TALLAHASSEE, Fla. (AP) — The Latest on charges in the death of a Florida State University fraternity pledge (all times local):
Florida State University's president says the hazing charges against nine students in the death of a fraternity pledge are a first step in seeking justice.
John Thrasher issued a statement Wednesday expressing thanks to the State Attorney's office and the Leon County grand jury in investigating the death of 20-year old Andrew Coffey, who died on Nov. 3 after he was found unresponsive following a fraternity party. The university's suspension of all fraternities and sororities remains in place.
Thrasher said the latest action "strengthens our resolve to address the issue of responsible student behavior at Florida State University for the benefit, safety and well-being of our students and the community."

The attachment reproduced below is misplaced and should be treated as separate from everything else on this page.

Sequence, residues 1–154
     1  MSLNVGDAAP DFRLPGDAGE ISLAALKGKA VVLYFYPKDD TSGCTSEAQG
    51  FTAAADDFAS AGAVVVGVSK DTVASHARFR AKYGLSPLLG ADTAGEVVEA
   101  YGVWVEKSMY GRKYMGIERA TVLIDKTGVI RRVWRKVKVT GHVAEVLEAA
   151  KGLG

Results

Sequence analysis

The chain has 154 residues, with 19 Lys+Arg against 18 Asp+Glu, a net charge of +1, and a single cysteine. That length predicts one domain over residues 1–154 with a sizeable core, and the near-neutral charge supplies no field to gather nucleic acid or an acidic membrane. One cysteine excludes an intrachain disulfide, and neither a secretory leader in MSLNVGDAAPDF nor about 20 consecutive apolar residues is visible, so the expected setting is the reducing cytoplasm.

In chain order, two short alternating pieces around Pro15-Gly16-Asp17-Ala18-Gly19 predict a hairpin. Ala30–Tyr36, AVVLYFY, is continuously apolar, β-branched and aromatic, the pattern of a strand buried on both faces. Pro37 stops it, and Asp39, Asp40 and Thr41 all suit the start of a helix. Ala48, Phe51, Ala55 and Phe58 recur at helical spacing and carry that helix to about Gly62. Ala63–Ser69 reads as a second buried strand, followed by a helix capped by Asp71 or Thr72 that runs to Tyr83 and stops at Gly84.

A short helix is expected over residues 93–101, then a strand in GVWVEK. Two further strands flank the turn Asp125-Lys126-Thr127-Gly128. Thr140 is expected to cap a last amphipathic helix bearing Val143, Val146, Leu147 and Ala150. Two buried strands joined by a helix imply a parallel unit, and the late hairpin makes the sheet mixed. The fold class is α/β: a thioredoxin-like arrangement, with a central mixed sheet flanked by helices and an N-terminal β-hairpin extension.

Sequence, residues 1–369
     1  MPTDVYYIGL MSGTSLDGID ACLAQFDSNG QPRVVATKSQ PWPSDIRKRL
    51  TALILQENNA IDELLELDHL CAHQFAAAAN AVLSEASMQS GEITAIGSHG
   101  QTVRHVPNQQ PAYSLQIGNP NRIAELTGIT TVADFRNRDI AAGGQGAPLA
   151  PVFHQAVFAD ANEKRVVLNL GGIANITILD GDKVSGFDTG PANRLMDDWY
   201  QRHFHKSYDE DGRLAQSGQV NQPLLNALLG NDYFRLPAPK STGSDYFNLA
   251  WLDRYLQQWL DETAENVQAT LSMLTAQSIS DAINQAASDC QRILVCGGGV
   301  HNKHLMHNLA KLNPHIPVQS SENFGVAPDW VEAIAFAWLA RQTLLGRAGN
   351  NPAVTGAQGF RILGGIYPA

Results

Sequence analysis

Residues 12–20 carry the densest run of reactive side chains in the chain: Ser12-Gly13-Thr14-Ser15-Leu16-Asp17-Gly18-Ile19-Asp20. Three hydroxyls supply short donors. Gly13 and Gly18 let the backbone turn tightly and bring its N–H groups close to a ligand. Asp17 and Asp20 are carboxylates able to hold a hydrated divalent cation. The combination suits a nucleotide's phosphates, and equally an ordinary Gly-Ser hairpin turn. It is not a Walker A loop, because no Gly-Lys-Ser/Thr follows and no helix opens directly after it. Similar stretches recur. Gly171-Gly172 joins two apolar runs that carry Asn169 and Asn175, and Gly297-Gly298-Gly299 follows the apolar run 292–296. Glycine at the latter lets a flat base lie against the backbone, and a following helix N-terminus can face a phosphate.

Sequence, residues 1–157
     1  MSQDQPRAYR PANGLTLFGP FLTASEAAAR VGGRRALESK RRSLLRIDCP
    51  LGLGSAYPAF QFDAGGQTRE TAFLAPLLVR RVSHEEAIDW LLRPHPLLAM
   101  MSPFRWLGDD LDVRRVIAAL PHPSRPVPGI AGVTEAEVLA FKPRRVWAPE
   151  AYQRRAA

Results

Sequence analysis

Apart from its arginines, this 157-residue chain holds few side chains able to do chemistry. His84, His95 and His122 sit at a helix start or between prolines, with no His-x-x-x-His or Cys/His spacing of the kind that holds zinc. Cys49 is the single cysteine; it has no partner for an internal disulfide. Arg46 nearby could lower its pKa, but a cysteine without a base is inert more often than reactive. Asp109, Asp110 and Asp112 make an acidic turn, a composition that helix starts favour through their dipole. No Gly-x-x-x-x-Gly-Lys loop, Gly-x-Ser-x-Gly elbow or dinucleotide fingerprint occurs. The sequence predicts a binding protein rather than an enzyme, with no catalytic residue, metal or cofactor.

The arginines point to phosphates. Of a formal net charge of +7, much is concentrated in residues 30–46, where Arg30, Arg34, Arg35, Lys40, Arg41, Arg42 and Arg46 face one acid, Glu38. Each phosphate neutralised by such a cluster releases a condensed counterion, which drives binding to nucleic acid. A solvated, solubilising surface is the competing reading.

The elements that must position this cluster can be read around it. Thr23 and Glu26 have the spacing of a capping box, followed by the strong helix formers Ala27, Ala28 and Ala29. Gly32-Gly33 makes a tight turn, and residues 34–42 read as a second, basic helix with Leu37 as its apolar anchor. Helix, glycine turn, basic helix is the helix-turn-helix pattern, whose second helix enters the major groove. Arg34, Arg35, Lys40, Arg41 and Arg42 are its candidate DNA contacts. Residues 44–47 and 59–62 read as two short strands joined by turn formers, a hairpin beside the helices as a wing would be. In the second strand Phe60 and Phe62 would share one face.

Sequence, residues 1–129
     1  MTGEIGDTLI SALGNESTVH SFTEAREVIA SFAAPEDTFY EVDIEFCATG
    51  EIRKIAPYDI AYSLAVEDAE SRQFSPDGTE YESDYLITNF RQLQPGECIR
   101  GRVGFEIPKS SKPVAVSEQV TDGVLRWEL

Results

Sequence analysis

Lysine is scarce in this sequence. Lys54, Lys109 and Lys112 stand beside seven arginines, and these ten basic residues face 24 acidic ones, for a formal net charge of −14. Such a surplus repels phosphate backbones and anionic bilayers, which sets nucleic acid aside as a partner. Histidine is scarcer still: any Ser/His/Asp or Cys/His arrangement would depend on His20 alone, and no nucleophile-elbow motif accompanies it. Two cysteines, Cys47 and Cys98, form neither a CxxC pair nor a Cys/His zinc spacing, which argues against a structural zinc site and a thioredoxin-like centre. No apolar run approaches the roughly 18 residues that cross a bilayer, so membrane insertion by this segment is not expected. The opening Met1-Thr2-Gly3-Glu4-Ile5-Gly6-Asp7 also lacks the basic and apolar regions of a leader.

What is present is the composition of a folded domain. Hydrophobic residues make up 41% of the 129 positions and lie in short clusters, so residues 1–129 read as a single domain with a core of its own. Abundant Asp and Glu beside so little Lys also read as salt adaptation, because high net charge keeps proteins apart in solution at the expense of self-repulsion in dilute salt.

He said Florida State will not tolerate hazing, adding that the university is "committed to continuing to combat all unsafe and dangerous practices and behaviors on our campus."
Nine men are facing hazing charges in connection with the death of a Florida State University fraternity pledge.
The Tallahassee Police Department on Tuesday said in an emailed release that arrest warrants were signed earlier in the day by a Leon County judge for Luke E. Klutz, Clayton M. Muehlstein, Anthony Oppenheimer, John B. Ray, Kyle J. Bauer, Christopher M. Hamlin, Conner R. Ravelo, Brett A. Birmingham and Anthony Petagine. All nine, who range in age from 20 to 22, will be charged with "College Hazing-Cause Injury or Death."
Twenty-year-old Andrew Coffey was a junior and a pledge at Pi Kappa Phi. He died Nov. 3 after he was found unresponsive after a party. Florida State quickly responded by indefinitely suspending its fraternities and sororities.